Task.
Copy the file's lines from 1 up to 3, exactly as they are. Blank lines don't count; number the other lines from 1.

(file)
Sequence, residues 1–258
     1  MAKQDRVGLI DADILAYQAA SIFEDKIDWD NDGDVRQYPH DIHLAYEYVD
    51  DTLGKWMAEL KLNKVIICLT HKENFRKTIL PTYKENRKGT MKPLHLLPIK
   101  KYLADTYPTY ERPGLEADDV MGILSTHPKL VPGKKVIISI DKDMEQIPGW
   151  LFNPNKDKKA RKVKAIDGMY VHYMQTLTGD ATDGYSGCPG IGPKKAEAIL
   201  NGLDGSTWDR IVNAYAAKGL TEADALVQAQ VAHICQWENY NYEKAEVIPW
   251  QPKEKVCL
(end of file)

Sequence, residues 1–258
     1  MAKQDRVGLI DADILAYQAA SIFEDKIDWD NDGDVRQYPH DIHLAYEYVD
    51  DTLGKWMAEL KLNKVIICLT HKENFRKTIL PTYKENRKGT MKPLHLLPIK